Apart from Jesus' personal ripostes to challenges, two other narrative characters come to his defense and participate in the process of delivering a riposte to challenges to Jesus. The officers sent by the chief priests and Pharisees to arrest Jesus return empty-handed (7:32, 45). Why? "No man ever spoke like this man!" (7:46). On the narrative level, it is always a coup of honor for an accused or executed person to elicit a final grant of honor and respect from his executioner (see Matt 27:54 and Luke 23:47). It does not matter if these officers are dismissed as "lead astray" and "accursed" (7:47, 49), they have borne their testimony which challenges Jesus' challengers. Second, Nicodemus, whether a true disciple or only one in secret, proposes a legal question which works on Jesus' behalf, "Does our law judge a man without first giving him a hearing and learning what he does?" (7:51). However we evaluate this as a formal defense of Jesus, it serves to call in question the legitimacy of the challenges to Jesus, thus embarrassing them for their envious challenge in the first place. In the narrative, it was perceived as a gross insult to which a curt and stinging riposte is returned: "Are you from Galilee too? Search and you will see that no prophet is to rise from Galilee" (7:52).
Moreover, despite the official censure of public discussion of Jesus, the officials do not have their way in silencing all defense and praise of Jesus, which challenges the negative evaluations and judgments; in contrast to the accusation that Jesus leads the people astray, some declare that "He is a good man" (7:12-13); and juxtaposed to those who argue that Jesus cannot be the Christ, others state "When the Christ appears, will he do more signs than this man has done?" (7:31); and canceling the judgment that Jesus cannot be the Christ because he is not from Bethlehem, some acclaim him favorably: "This is really the prophet!" and "This is the Christ" (7:40-41). Thus the "schism" or divided judgment about Jesus contains both challenges and ripostes on his behalf. The challenges just will not stick, and so Jesus' honorable role and status remain acknowledged, at least by some.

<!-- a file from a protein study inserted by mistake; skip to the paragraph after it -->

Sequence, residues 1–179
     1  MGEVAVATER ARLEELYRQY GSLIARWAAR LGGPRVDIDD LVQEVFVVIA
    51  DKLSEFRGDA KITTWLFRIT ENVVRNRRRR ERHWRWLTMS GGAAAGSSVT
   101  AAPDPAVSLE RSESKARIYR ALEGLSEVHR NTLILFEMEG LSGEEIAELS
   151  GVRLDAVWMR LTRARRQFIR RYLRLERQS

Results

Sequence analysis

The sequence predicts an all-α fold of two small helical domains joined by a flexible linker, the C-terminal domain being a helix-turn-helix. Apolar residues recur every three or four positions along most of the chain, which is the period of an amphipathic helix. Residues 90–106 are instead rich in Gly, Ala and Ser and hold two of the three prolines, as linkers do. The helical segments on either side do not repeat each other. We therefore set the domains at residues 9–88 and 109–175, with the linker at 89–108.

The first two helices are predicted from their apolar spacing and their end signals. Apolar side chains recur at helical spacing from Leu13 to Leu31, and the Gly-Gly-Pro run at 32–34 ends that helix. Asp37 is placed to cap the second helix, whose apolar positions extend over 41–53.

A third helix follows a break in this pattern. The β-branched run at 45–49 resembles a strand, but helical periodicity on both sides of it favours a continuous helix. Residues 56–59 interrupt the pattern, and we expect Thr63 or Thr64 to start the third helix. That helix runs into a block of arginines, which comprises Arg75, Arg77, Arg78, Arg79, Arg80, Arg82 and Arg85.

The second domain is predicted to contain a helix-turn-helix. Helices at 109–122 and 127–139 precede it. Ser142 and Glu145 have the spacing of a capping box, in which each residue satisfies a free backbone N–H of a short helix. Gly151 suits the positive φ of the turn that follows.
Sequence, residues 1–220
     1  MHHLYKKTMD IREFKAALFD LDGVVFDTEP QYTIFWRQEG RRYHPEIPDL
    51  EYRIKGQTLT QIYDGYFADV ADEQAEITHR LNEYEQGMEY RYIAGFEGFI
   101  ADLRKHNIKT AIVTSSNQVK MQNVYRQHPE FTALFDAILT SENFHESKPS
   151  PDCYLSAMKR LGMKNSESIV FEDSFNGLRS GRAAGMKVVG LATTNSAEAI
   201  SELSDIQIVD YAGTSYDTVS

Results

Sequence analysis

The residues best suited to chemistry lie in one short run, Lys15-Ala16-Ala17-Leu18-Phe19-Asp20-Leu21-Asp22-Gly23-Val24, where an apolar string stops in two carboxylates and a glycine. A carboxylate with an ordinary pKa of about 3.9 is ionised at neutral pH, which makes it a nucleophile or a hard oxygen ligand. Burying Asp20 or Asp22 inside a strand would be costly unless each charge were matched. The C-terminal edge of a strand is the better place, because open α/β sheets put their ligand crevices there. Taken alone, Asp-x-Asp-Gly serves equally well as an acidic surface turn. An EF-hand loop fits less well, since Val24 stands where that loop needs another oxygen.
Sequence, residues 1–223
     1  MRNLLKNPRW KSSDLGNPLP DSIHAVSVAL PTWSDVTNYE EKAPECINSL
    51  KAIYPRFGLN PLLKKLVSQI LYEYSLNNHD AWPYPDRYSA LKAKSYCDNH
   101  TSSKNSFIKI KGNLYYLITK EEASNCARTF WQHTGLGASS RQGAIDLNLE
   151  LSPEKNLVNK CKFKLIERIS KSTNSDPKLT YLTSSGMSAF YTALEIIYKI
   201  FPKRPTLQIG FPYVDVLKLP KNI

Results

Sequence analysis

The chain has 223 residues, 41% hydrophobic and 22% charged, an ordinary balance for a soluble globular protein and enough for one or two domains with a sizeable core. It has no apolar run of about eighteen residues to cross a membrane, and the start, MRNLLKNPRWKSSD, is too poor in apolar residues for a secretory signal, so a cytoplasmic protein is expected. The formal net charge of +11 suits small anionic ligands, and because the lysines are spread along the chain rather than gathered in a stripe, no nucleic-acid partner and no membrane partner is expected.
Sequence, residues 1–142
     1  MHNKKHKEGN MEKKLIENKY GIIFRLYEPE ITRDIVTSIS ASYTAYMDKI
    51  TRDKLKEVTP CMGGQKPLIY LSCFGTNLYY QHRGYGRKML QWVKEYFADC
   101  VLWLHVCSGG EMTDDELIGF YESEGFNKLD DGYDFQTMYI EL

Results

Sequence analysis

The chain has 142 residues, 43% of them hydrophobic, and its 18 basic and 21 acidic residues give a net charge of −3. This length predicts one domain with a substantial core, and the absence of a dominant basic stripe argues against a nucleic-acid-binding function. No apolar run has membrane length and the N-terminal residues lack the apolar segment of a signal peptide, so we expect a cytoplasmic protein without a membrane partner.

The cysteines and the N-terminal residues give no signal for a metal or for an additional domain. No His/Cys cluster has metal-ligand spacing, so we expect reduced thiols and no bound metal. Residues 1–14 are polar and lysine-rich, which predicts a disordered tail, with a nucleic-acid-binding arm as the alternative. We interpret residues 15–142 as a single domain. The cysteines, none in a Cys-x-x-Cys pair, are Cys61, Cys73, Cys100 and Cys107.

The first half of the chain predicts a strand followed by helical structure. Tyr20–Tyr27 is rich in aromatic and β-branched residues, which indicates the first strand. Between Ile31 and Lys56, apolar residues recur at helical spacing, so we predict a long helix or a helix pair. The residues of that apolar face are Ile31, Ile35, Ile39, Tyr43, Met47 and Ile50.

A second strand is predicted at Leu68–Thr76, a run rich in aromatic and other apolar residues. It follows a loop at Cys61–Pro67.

5.0 Conflict in Two Keys: Summary and Conclusions
This study has focussed on conflict in John 7, both the trials (forensic) and tribulations (honor challenges) of Jesus. We hope to have shown that the narrative in ch 7 (along with 8:12-59) enjoys a distinctive unity in terms not only of the context which is the Feast of Tabernacles, but especially in terms of the extended forensic proceedings occurring. From a literary and formal consideration, John 7 consists of an extended trial of Jesus. Knowing the conventions of a forensic proceeding, we were able to identify the various characters in the narrative according to their proper role in a trial, thus learning how to read the story more accurately in light of the author's formal shaping of the narrative and his ideological perspective.
But it would have been shameful to rest contented with this literary, form-critical reading. For if we would truly understand the record of conflict described in the story, we need more social tools to sort out the cultural elements which go into an adequate reading of the conflict. To this end, we turned to the anthropology of honor and shame. This culturally appropriate model instructed us on things which could never be gleaned from even the most exacting literary and formal-critical analysis. We learned what the conflict was all about, namely the worth, reputation and status of Jesus -- his honor rating. Moreover, we learned more about the code of honor, that is, the typical things which the ancients considered in evaluating someone's worth, in this case the cultural importance of "origins/birth" ("whence") and "nurture and training" (paideia or education). The forensic model of analysis simply cannot tell us the importance of such things. Furthermore, we learned about the social and cultural patterns of Jesus' world, how they assessed honor in terms of ascription or achievement, how they perceived the limited character of all goods, including and especially honor, how success inevitably breeds envy, and finally how they typically fight by means of the choreography of challenge and riposte. John 7 is that much richer for reading it in two keys, literary-formal and cultural. With this perspective we begin to see that conflict, pure and simple, is the dominant game in town, whether it is expressed literarily in terms of chreia or forensic proceedings.
Finally, what do we know if we follow these interpretative leads? First and foremost, the rhetorical strategy of the gospel writer has been and remains the honoring of Jesus as a person of incalculable worth, status and prestige. For it is the will of God that "all shall honor the Son, even as they honor the Father. Who does not honor the Son does not honor the Father who sent him" (5:23). Hence, not only are the signs of Jesus told to elicit honor, but also the stories of conflict in which Jesus acquits himself nobly. The signs were performed and narrated "so that you may believe that Jesus is the Christ, the Son of God" (20:31); they manifest his "glory" or honor (2:11). They are, then, his claims to worth and status. But his forensic trials serve to highlight that his claims are truly defensible and that Jesus, the honorable man, knows how to defend his honor and thus earn our continual esteem and praise. The author, then, presents Jesus according to the value system and cultural code of his world, namely, honor and shame. And he portrays Jesus as a fully honorable person, both in terms of ascribed honor (origins/birth, education, authorization) and in terms of his ability to claim and defend his honor. If honor is the pivotal or premier value of the author's cultural world, then Jesus should be reckoned as a most exalted and worthy and celebrated person. This kind of value statement simply cannot be gleaned from a mere study of the forensic process.